How to Delete Folders or Files in PowerShell

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Introduction

You can delete folders and files in PowerShell using the Delete method or Remove-Item Cmdlet. This guide shows different ways to delete folders and files in PowerShell.

All PowerShell commands and scripts in this guide were tested. So you can copy and reuse them. However, you may need to modify some of them to meet your specific need.

Powershell Delete Folder or File with Delete “Method”

For PowerShell to Delete a Folder you require the Get-ChidItem Cmdlet. Get-ChildItem Cmdlet returns the items and child items in a specified location.

To get the properties of the files and folders in the path C:\PS\DeleteFolder-example\base, run the command below:

Get-ChildItem C:\PS\DeleteFolder-example\base

Here is the result in PowerShell

powershell delete folder or File example
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This command has a “Method” called Delete. You can use the Delete “Method” to delete folders and files.

To see available methods in the above command, pipe the command to the Get-Member Cmdlet.

Get-ChildItem C:\PS\DeleteFolder-example\base | Get-Member

The command returned two types of Properties. 1, System.IO.DirectoryInfo (see the first image below). 2, System.IO.FileInfo. The first relates to folders in the path while the second relates to files.

Powershell Delete Folder or File with Delete "Method"

Look closely at the two images. Notice that each of them has a “Method” called Delete. You can use the Delete “Method” in PowerShell to delete a folder or file.

In the next section I will show how to use Delete “Method”

How to Use Delete() Method in Powershell to Delete Folders or Files

The syntax of the Delete “Method” is:

Object.Delete()

Object is the folder of file details returned by the Get-ChidItem Cmdlet
Delete is the “Method” usually followed by () operator.

To make it easy to relate with, here is the original Get-ChildItem command:

Get-ChildItem C:\PS\DeleteFolder-example\base

and the result…

powershell delete folder or File example

Based on what I have explained so far, in theory you could delete the folder called “base” by running the command below:

(Get-ChildItem C:\PS\DeleteFolder-example\base).Delete()

But this returns the error message “The directory is not empty”.

To solve this problem, I need a command that returns all files and folders and sub-folders in the path. Then I need to pipe the result to a ForEach loop.

Here is the modified command:

Get-ChildItem C:\PS\DeleteFolder-example\base -Include *.* -Recurse | ForEach   { $_.Delete()}

Here is the command in PowerShell. All files have been deleted from the path specified.



To confirm that C:\PS\DeleteFolder-example\base is now empty, I will run the Get-ChildItem command again.

Get-ChildItem C:\PS\DeleteFolder-example\base

It doesn’t return anything!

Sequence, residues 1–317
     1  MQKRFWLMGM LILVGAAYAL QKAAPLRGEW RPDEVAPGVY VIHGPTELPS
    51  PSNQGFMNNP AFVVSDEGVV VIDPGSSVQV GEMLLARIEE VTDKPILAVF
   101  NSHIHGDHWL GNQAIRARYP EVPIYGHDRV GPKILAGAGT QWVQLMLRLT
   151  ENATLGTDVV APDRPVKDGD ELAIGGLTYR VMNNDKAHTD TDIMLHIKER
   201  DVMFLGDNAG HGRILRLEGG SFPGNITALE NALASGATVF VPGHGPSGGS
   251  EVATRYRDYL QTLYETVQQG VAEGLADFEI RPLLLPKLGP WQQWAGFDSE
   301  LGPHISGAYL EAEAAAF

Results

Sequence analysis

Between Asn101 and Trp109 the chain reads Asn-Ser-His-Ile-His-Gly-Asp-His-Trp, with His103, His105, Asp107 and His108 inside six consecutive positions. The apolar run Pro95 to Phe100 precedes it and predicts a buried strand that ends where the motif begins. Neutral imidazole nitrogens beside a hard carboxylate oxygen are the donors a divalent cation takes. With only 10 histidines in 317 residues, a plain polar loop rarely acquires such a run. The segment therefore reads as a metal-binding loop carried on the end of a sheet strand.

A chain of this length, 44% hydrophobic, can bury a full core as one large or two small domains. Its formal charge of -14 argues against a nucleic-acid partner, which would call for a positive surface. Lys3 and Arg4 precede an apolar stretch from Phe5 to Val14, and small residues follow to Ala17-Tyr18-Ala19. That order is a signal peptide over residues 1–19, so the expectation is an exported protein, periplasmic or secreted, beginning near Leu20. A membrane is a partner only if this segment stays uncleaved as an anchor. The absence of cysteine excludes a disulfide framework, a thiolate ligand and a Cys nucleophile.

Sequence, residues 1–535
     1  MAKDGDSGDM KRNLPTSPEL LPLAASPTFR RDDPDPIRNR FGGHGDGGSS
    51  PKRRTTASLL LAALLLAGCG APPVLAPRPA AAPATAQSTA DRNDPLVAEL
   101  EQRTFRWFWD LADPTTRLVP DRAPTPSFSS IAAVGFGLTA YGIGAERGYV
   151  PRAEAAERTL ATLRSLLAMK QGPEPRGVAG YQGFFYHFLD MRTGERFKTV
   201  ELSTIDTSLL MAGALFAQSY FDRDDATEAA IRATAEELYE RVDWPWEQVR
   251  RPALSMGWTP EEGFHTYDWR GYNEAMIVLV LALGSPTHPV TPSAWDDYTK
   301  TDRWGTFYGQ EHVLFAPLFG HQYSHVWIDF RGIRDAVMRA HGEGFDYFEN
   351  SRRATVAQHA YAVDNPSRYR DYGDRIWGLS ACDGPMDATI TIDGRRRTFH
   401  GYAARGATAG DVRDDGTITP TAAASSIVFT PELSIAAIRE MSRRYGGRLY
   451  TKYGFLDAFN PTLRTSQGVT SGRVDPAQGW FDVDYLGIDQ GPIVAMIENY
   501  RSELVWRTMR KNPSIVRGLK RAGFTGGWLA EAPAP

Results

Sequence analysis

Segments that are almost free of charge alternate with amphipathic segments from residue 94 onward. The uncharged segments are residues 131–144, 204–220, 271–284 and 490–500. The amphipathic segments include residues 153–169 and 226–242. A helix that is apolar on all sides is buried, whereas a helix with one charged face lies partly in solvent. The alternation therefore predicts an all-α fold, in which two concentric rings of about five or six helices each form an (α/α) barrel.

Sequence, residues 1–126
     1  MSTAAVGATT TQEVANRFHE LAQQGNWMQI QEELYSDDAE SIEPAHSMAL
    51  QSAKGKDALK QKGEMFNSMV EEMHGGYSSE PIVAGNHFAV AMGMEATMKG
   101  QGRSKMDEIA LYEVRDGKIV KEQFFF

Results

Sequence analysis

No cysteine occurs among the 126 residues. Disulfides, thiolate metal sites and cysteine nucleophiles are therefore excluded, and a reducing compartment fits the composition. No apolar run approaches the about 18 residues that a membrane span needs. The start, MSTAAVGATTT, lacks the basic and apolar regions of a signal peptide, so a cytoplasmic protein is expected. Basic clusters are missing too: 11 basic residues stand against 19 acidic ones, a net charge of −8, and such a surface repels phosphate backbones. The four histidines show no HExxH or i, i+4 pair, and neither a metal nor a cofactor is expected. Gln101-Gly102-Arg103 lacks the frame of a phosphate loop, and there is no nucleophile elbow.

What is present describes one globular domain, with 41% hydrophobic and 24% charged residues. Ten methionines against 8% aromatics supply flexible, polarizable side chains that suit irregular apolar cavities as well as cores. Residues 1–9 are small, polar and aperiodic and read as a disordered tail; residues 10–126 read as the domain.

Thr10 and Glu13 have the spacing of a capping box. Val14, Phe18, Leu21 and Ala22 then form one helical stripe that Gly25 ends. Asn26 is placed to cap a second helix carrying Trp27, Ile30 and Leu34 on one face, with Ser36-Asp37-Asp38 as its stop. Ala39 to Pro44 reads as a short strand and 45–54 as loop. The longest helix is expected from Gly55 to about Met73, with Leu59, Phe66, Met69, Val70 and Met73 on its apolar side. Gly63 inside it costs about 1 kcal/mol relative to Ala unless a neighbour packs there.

Before I move on to the next section, let me explain how this command deleted all files and sub-folders.

Get-ChildItem C:\PS\DeleteFolder-example\base -Recurse | ForEach   { $_.Delete()}

Get-ChildItem has two parameters called -Include and -Recurse. In the command I used -Include *.* to tell PowerShell to include every file in the result. -Recurse returns all folders and sub-folders.

In the second part of the command, I pipped Get-ChildItem to ForEach statement. ForEach loops through all objects returned by Get-ChildItem and uses the Delete “Method” to delete them.

PowerShell has a cmdlet called Remove-Item specifically for deleting items. The next section covers how to use Remove-Item. In my experience, using Remove-Item is better than using Delete() “Method”.

Powershell Delete Folder or File with Remove-Item Cmdlet

To delete a file or folder with Remove-Item you still need to use Get-ChildItem. Then pipe the result to Remove-Item. In my first example in this section, I want to delete the file called “file with numbers”. See the image below.

Here is the command:

Get-ChildItem "C:\PS\DeleteFolder-example\copy\file with numbers.txt" | Remove-Item -Force

The image below shows the command in PowerShell and the folder showing that the file was successfully deleted.

To delete all files, folders and sub-folders in the path C:\PS\DeleteFolder-example\copy, use the command below:

Get-ChildItem C:\PS\DeleteFolder-example\copy -Recurse | ForEach { Remove-Item $_.FullName -Force -Recurse }

Here is the command and the empty folder:

Powershell Delete Folder or File with Remove-Item Cmdlet
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More Powershell Delete Folder or File Examples

In the last section of this guide I will give examples of how to delete files or folders older than a particular date. I will also show how to delete an item if it exists.

Powershell Delete Folder or File If Older than

In this example, I will delete files older than 7 days from the folder shown below: